The Nation wonders: what goes on in Roger Ailes’ Brain Room?
Dan Cooper was one of the people who helped create the Fox News channel with Roger Ailes, and was fired in 1996. In 2008, Cooper wrote on his website that David Brock (now head of Media Matters) had used him as an anonymous, on-background-only source for an Ailes profile he was writing for New York magazine. Before the piece was published, on November 17, 1997, Cooper claims that his talent agent, Richard Leibner, told him he had received a call from Ailes, who identified Cooper as a source, and insisted that Leibner drop him as a client–or any client reels Leibner sent Fox would pile up in a corner and gather dust. Cooper continued:
“I made the connections. Ailes knew I had given Brock the interview. Certainly Brock didn’t tell him. Of course. Fox News had gotten Brock’s telephone records from the phone company, and my phone number was on the list. Deep in the bowels of 1211 Avenue of the Americas, News Corporation’s New York headquarters, was what Roger called the Brain Room. Most people thought it was simply the research department of Fox News. But unlike virtually everybody else, because I had to design and build the Brain Room, I knew it also housed a counterintelligence and black ops office. So accessing phone records was easy pie.”
Personally, I would imagine a glimpse into the Brain Room at FOX News would simply reveal a bunch of kindergarten cubbyholes where Gretchen Carlson, Sean Hannity, Steve Doocy, the Other Guy Who’s Not Steve Doocy, and Chris Wallace stash their brains before going upstairs to make-up.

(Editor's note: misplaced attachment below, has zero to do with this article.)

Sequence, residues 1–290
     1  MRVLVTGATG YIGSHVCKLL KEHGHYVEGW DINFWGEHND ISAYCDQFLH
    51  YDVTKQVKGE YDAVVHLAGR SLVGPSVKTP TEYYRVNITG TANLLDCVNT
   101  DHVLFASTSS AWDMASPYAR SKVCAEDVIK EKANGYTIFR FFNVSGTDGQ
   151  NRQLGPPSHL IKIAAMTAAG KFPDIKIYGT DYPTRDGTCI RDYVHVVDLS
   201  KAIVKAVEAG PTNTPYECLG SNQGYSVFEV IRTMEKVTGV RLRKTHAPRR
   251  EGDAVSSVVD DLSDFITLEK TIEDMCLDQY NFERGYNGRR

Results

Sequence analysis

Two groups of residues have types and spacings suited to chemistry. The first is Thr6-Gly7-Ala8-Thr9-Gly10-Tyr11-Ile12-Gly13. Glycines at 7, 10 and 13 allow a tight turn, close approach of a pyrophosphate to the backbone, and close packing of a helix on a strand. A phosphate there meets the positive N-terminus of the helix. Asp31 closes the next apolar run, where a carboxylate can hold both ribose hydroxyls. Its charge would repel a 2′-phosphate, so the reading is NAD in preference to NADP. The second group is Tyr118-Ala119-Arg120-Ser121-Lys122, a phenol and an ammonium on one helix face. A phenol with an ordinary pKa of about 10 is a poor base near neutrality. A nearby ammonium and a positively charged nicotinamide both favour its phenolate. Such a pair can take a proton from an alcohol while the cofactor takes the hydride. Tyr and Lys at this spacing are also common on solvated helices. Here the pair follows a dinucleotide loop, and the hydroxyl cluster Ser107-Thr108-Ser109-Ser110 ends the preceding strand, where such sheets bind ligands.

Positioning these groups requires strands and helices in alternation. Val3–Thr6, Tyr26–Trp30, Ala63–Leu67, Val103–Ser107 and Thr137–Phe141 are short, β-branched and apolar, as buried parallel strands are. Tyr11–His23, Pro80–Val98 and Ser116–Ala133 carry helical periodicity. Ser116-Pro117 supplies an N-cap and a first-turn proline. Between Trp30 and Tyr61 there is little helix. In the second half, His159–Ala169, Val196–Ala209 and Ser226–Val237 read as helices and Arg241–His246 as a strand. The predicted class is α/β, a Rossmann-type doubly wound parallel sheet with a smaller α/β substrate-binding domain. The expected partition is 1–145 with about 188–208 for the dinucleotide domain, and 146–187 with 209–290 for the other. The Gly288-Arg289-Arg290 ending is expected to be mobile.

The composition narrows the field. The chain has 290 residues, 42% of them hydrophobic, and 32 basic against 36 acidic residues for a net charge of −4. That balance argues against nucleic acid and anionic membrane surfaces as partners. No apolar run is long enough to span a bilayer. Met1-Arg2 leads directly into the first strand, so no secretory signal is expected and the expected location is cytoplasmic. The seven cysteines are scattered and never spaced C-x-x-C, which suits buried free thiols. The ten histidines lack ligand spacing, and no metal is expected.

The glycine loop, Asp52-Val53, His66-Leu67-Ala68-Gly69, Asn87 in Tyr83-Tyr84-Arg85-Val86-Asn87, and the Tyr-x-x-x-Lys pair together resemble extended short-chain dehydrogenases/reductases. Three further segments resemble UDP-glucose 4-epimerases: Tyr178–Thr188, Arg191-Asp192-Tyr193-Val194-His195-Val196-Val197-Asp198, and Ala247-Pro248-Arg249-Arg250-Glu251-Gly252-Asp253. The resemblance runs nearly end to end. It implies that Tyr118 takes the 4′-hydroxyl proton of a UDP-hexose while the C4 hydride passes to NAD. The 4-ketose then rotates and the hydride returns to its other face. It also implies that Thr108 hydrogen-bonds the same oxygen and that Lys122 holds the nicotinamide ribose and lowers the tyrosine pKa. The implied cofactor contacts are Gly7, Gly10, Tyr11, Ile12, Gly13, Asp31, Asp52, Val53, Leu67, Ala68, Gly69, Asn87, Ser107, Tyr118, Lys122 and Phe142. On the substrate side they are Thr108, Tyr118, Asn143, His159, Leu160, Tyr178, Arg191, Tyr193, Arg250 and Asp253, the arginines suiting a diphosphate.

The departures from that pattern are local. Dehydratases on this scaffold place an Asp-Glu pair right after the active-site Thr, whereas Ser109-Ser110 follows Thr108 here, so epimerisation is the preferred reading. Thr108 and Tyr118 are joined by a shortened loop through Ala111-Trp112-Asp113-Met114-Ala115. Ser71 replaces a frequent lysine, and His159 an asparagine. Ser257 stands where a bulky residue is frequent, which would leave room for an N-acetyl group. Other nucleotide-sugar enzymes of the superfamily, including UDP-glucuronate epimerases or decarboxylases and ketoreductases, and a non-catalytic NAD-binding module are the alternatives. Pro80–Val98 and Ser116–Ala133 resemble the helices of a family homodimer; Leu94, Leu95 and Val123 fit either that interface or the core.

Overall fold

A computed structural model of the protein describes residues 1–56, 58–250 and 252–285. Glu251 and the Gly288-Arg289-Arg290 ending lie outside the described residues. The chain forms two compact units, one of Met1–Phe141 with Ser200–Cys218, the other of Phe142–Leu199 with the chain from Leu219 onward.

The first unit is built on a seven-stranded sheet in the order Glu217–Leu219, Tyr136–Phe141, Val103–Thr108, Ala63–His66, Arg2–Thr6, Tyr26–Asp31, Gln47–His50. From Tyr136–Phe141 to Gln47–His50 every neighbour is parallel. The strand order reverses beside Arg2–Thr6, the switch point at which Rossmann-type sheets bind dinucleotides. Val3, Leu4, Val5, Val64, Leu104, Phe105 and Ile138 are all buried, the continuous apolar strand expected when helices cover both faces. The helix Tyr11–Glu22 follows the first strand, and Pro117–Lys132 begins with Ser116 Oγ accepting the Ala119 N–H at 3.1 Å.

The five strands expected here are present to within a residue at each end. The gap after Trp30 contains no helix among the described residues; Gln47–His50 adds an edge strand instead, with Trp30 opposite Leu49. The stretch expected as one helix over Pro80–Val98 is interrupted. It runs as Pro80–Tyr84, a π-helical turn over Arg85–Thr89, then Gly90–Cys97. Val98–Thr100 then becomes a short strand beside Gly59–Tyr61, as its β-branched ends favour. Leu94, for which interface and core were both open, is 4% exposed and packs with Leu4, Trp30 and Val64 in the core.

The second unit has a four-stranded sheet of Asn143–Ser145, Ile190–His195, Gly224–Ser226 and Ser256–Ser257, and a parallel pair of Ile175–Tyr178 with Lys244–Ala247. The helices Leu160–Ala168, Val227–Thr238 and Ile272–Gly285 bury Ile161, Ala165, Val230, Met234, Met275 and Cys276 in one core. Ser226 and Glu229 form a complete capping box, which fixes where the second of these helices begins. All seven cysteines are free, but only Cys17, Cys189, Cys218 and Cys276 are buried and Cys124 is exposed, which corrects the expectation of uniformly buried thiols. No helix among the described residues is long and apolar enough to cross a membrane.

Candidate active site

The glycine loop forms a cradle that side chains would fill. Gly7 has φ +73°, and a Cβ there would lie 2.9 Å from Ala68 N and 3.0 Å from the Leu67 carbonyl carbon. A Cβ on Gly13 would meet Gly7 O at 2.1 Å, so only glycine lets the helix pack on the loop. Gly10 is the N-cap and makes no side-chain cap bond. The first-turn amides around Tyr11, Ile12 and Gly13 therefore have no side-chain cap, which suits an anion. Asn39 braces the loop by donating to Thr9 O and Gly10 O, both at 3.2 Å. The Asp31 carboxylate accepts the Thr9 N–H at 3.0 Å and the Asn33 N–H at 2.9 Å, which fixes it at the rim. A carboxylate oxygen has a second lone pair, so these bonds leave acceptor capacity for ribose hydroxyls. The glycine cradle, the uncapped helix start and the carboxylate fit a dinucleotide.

According to Tim Dickinson at Rolling Stone, it might be something even more sinister:
“Ailes created an in-house research unit–-known at Fox News as the ‘brain room’–-that requires special security clearance to gain access. ‘The brain room is where Willie Horton comes from,’ says Cooper, who helped design its specs. `It’s where the evil resides.’ ”
“If that sounds paranoid,” Dickinson adds, “consider the man Ailes brought in to run the brain room: Scott Ehrlich.” Ehrlich “had taken over the lead on Big Tobacco’s campaign to crush health care reform when Ailes signed on with CNBC.”
Today, Cooper stands by his story. “I believe exactly what I wrote. The only alternative is that David Brock told Ailes well before publication that he spoke with me,” he e-mailed me. “The story is true.” Brock has declined to comment.
Only one question remains: are American law enforcement officials and legislators as afraid of Rupert Murdoch as the Brits’ guardians of the public trust seem to have been for years? Between Byron Williams, George Tiller, and Van Jones, isn’t there now reason to look into the Brain Room and see what’s been concocted there? Will someone please accelerate their investigation, if only to shut down the likely full-time document shredding happening in the Brain Room right this very minute?